On said Sunday, I rushed about in the usual tizzy, trying to get myself ready, the children ready, as well as  answering the perfunctory Sunday morning question from the former Mister  (Does this tie match this shirt?) (No.) (Did it ever?)  (You’re color-blind, for St. Peter’s sake.)     ;^-

Sundays were not my favorite day of the week.

On this particular Sunday, I donned a long, navy-blue, broom skirt, (comfy…no hose required) and a flow-y black and blue top (to match my attitude) (AND covers a multitude of sins)  ;^)  … and a pair of navy-blue pumps.  Or so I thought.

After an entire first-half-of-the- service, singing and playing the piano (a longggggg self-imposed penance that I supposed would secure my spot behind the Pearly Gates) (Boy, was I wrong….)  I took my seat on the front row.  I let out a long sigh.  I let my mind wander.  (I forgot to put the roast in the oven.  I wonder if I can convince the Mister to buy lunch at the Mexican restaurant today?)  Sigh.  I crossed my legs to swing my foot in nervous anticipation for the end of the sermon.

Several foot swings later … Did my eyes deceive me?  No.  They did not.  There was a navy pump.  Good.  On the other foot ~~ a black pump.  Noooooo!  I blinked my eyes.  It had to be a mirage.  Blink.  Blink.

(Noooooooo.  I am DEFinitely NOT winking at you, Mister.)  (Are you kidding me?)  (Your tie doesn’t match your suit.)

And my shoes didn’t match each other.

Oh, horror of horrors.  THE fashion faux pas of the fashion faux pas’Z.

I cannot tell a lie.  I was in church, for goodness’ sake.

I wanted to laugh.  Why cry?  There were too many other perfectly good reasons to cry that I had skipped right on over.  Laughter would be better.  Yes, much better.

I covered my mouth with my hand.  My eyes began to sparkle.  I stifled a giggle. It certainly was the most interesting thing I had seen that day.  And I thought it up all by myself.  Oh.  That’s right.  No thought was involved.  None whatsoever.

Oh, who cares?  So, I wore mismatched shoes.  No one noticed until I pointed it out afterward, laughing at my own joke.  Why was I the only one laughing?  They were too busy sashaying down the runway.  I mean, aisle, viewing each others’ regalia.

I was FAR ahead of my time with the one-black-shoe-one-navy-shoe-thing.  I just didn’t realize it then.  I think that I may try it again sometime.  Just to see if anybody notices.

Oh, fiddlesticks. Who am I kidding?    ;^)  I much prefer the church where cut-offs, tank tops and bare feet are accepted.  I think they call it, “the beach.”  ;^)   The Almighty speaks there, too.  And he definitely doesn’t care what you wear.  ;^)


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I don’t think that a slip hanging out at the hem of a dress is a big deal these days, except maybe to little senior citizen ladies at church.  Or a tearoom.  It doesn’t hold the same allure in 2011 as it did 20 years ago, because I’ve seen women wear a slip as a dress.  For purposes here, however, we’ll chat about the days when it would have been embarrassing, OK?  Let’s pretend.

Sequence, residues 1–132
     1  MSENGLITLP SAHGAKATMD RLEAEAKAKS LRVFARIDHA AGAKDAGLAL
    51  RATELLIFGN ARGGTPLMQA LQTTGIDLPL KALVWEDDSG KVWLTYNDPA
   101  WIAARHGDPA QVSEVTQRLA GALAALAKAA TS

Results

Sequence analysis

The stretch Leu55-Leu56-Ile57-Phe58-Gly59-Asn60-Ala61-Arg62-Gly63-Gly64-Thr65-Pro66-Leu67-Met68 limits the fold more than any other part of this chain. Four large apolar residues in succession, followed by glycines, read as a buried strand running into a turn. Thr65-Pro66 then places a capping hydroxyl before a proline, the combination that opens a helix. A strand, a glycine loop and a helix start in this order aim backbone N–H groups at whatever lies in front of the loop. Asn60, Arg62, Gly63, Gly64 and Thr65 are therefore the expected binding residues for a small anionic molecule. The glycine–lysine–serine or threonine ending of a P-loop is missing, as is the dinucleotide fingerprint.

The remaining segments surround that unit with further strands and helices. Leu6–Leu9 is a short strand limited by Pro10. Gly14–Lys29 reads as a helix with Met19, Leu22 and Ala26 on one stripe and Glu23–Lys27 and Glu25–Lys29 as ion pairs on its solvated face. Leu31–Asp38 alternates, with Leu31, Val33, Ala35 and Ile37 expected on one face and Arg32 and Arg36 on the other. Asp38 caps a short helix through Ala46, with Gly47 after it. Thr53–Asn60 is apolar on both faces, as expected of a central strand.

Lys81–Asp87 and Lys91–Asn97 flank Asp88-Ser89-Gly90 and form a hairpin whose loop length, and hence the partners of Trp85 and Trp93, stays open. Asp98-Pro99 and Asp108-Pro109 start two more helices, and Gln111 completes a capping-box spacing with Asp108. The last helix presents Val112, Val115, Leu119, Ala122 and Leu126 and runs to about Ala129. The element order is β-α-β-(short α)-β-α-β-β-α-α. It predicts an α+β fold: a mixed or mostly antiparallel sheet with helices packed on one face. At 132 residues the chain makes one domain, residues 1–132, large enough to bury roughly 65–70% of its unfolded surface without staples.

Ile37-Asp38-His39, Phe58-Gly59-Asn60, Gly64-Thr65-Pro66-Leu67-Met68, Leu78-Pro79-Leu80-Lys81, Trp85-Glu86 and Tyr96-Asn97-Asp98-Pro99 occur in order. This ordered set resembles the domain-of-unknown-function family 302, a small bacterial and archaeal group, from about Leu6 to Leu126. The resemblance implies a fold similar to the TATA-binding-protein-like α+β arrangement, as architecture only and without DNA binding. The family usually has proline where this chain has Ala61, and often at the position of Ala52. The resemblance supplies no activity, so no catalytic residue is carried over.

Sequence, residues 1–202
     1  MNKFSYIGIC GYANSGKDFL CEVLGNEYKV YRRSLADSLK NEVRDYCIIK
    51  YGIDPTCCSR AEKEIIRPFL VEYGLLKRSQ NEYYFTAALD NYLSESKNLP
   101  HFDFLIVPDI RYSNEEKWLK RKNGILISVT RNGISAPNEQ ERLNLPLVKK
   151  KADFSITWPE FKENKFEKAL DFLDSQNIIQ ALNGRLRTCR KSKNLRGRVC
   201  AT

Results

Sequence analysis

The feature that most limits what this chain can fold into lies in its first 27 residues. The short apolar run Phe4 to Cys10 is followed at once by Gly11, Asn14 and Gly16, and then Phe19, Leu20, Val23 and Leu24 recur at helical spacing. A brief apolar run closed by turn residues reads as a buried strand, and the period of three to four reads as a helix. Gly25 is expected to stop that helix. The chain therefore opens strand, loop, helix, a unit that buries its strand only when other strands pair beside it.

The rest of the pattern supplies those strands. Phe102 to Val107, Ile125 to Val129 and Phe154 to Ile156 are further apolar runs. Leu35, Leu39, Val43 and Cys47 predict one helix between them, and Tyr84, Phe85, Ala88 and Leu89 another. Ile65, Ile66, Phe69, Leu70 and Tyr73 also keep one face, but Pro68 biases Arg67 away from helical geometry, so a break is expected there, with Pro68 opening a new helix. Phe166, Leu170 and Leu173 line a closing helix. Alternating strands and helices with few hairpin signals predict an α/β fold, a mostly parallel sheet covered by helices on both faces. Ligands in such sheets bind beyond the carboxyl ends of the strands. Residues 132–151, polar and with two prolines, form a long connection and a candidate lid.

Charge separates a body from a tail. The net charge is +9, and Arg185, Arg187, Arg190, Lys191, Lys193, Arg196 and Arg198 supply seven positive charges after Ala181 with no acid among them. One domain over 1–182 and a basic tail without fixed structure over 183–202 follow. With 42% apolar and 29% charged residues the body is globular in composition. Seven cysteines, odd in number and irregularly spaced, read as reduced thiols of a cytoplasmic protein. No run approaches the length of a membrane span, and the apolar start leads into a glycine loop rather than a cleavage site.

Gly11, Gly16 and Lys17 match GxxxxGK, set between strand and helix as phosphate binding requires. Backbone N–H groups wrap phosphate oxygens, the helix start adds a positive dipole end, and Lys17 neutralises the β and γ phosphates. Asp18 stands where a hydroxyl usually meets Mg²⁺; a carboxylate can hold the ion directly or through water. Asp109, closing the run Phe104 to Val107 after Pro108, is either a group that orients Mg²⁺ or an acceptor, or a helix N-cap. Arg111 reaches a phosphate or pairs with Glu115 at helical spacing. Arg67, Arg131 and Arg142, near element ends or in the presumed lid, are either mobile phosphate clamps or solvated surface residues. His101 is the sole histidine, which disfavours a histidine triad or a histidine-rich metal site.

It’s been a while back…alright, it’s been quite a while back when I was a consultant in a cosmetics business.  You know the one…it originated in Texas with a flamboyant entrepreneur with blonde, bubble hair…and everything…everything…including the cars…was pink….

Anyhoo, great cosmetics, still use them, just had enough of the rah-rah-ree-sisterhood-of-the-pink-and-fluffy-cosmetics lifestyle.  However, some great stories come from those days.

Several thousand of us, (I want to say 100,000, maybe it was, maybe it wasn’t…) converged on the city of Dallas for “Seminar.”  That’s a lot of pink.  They were always very gracious to us and accommodated the hoopla with the aplomb that only a city like the Big D can.

Fleets of buses couriered les pink femmes from hotel to convention center in droves.  Much-o pink-o.  Wow.  These pink gals were decked out.  You have never seen the likes of so many matching business suits, hats, feathers, gloves, high-heels, jewelry (glittering, sparkling, bling-y, bling-y, oh-my….)  And slips.  Yes, slips.

One of my friends was immaculately coiffed, perfumed, and as expected, generally dolled up.  She was a big gal.  It was Dallas.  It was July.  The result was, well, may I be so genteel as to say, um, well…drippy.  Yes, that’s it.  Drippy.  Well, you know…ladies don’t sweat, they glowwwww.  So, Miss Priss was glowing in full force.

Underneath all of that pink was a soaking-wet slip.  And since she had spent her money on the stuff that showed, well, she probably had her mind on some new bling…or chocolate.  Nevertheless, she did not buy a new slip.  This one was a little worse for the wear.  The elastic waistband had seen better days.

Miss Prissy Pink-y in the Big D was carrying her handbag, her tote-bag (full of pink fluff) and probably had her mind on dinner.  (Supper, as they say down South.)  Ya’ll.  (OR, the aforementioned chocolat’.)

Miss P carried herself and all of her goodies down the steps of the bus, struggling in front of all those other pink suits to maintain her dignity in the heat and bustle.  She felt her slip slide.  Her hands were not free…nary a one to discreetly hike up a wayward elastic waistband.  The slip continued to do what slips do.  Slip.

Pinky stepped off the bus and as her feet hit the ground, so did the errant slip.  She kept her head erect, chin up, eyes forward, lifted her high-heeled, business-pump-shod tootsies over the filmy tricot and kept walking.  Never looked back.  Not even a slight swivel.  Slip?  What slip.

Back in the swanky hotel rooms we hardy-har-harred over that one ‘til the wee hours.

I often wondered what happened to that slip.

I like to think that somewhere in the drainage tunnels of the streets of Pink Cowgirl Town lies a rumpled bundle of brown lace.  Maybe a furry little creature with a penchant for bling potential slinked it home and scrubbed it up.  She’s now sashayin’ through the ducts sportin’ a slip for a dress.  Well.  I nevah!

Have you got one that’ll top that?  Please.  Do tell.